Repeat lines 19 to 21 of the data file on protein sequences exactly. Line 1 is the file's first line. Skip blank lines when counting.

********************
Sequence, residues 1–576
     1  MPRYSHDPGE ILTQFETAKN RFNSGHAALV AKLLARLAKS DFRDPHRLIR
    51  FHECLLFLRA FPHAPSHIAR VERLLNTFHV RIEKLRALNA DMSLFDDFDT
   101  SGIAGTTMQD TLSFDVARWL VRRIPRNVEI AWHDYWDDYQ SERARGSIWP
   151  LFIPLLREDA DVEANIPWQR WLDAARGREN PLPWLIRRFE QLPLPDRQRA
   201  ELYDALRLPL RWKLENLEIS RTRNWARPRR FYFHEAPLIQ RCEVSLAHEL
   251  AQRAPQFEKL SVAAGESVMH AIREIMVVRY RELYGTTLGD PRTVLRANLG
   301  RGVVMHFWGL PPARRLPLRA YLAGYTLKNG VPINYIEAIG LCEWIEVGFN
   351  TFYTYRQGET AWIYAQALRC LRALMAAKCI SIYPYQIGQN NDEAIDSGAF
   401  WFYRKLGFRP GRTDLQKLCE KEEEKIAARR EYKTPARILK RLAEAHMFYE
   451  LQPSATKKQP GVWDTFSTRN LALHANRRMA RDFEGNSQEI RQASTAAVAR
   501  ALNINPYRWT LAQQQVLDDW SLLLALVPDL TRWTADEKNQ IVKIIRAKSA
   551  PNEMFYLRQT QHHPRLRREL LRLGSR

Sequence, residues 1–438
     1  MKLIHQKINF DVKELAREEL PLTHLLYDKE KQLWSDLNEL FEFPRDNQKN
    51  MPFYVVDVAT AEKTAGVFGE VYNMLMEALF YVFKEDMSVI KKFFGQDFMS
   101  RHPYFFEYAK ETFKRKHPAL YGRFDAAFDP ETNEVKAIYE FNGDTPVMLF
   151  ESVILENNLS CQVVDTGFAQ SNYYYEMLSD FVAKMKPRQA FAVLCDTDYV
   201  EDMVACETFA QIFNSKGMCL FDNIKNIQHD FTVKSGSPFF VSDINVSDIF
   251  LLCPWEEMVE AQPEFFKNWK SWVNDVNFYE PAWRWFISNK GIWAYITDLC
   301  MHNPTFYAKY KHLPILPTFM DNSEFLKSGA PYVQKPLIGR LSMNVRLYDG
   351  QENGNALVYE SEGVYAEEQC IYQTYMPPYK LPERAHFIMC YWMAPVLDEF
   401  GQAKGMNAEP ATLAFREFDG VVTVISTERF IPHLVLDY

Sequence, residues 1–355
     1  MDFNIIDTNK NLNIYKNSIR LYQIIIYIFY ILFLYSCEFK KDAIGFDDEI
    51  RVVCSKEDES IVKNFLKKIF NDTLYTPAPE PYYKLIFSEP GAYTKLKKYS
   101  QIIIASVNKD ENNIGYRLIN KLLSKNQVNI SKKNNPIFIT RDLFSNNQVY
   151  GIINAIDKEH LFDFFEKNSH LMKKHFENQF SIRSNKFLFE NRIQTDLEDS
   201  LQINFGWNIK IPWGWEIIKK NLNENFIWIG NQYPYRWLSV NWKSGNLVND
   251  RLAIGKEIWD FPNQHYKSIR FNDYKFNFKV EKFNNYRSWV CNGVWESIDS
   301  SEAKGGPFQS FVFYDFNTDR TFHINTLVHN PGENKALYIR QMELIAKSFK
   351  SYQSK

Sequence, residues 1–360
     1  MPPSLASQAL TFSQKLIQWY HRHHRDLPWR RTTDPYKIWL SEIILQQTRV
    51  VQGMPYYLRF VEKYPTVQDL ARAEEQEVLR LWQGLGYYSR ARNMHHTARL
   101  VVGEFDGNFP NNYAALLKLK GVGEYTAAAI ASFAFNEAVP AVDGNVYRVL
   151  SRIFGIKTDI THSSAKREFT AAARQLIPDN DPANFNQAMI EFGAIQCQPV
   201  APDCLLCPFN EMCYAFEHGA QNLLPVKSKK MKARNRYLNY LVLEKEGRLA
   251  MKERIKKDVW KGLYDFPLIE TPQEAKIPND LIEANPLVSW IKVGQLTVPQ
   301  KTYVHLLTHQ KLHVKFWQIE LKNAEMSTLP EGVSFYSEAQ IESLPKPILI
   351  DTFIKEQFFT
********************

   201  EDMVACETFA QIFNSKGMCL FDNIKNIQHD FTVKSGSPFF VSDINVSDIF
   251  LLCPWEEMVE AQPEFFKNWK SWVNDVNFYE PAWRWFISNK GIWAYITDLC
   301  MHNPTFYAKY KHLPILPTFM DNSEFLKSGA PYVQKPLIGR LSMNVRLYDG